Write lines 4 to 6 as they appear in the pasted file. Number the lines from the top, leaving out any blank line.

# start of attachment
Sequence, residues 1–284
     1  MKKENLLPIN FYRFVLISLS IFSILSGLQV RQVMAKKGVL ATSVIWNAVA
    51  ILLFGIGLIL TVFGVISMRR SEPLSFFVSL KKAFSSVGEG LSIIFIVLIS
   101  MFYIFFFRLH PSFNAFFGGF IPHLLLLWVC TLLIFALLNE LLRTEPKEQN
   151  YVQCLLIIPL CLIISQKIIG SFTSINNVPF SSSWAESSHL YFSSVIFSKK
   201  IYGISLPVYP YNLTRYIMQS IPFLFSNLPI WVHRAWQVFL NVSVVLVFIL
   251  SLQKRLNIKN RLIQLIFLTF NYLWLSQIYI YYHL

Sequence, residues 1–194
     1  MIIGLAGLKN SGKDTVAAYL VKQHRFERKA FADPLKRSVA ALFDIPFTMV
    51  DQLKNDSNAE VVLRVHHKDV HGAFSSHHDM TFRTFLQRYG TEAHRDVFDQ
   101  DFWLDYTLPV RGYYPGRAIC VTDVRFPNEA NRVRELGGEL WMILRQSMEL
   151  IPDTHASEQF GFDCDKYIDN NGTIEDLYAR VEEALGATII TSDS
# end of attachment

   101  MFYIFFFRLH PSFNAFFGGF IPHLLLLWVC TLLIFALLNE LLRTEPKEQN
   151  YVQCLLIIPL CLIISQKIIG SFTSINNVPF SSSWAESSHL YFSSVIFSKK
   201  IYGISLPVYP YNLTRYIMQS IPFLFSNLPI WVHRAWQVFL NVSVVLVFIL